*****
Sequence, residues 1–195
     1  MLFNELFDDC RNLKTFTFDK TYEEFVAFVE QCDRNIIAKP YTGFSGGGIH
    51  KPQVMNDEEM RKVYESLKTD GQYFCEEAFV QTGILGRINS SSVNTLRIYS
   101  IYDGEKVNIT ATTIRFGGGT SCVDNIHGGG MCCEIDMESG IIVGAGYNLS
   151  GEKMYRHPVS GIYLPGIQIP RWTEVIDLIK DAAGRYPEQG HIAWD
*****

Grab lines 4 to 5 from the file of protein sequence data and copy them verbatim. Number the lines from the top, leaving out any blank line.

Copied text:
   101  IYDGEKVNIT ATTIRFGGGT SCVDNIHGGG MCCEIDMESG IIVGAGYNLS
   151  GEKMYRHPVS GIYLPGIQIP RWTEVIDLIK DAAGRYPEQG HIAWD